The Hydrovolt C2, designed and built by the same-named Washington state company, sits on a irrigation canal’s floor, utilising the steady, uninterrupted flow of water to power its turbine, which is situated perpendicular to the flow, like a paddle boat wheel. As the wheel turns, it cranks an on-board generator that produces a charge. The device is neutrally buoyant so it can generate power on the water’s surface as well, without impeding the flow or affecting the water quality.
“There are huge regions of the world that are irrigated, where they have built these highways of water,” Burt Hamner, founder and CEO of Hydrovolts, said in a press statement. “We’ve found a way to make a little power off it without any environmental impact.”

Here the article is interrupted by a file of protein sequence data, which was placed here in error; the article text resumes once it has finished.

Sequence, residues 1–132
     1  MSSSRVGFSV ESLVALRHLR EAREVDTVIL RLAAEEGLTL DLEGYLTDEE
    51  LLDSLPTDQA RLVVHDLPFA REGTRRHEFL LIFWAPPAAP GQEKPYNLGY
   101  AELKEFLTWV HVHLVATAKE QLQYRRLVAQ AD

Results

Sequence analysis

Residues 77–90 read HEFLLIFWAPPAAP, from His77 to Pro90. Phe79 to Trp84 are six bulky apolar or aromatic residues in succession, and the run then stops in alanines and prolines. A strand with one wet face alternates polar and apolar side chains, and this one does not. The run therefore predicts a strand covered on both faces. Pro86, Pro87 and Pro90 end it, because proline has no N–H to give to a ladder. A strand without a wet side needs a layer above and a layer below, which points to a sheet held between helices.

Depending on the rate of water flow, these devices can produce up to 12kW of energy apiece — not enough to power a grid, but sufficient to light a few nearby homes. And with a $US20,000 price tag, each unit should pay for itself within about five years of service.
These turbines are surprisingly versatile as well. In addition to the irrigation canal model, Hydrovolts also has a larger version, the C3, in the works that should produce up to 20kW from the bottom of aqueducts. The company hopes to eventually install these devices in spillways and water treatment plants — anywhere with a steady current.
“Hydrokinetic power is a growing component of the hydropower resources, and it’s one that’s largely untapped in this country,” said Anne Castle, assistant secretary for water and science at the US Department of the Interior. To that end, the US Bureau of Reclamation has begun a pilot test program in the Roza Canal in Washington. If successful, the bureau may begin installing them along its 200,000km of canals to produce megawatts of power. [Treehugger – Grist – Hydrovolts]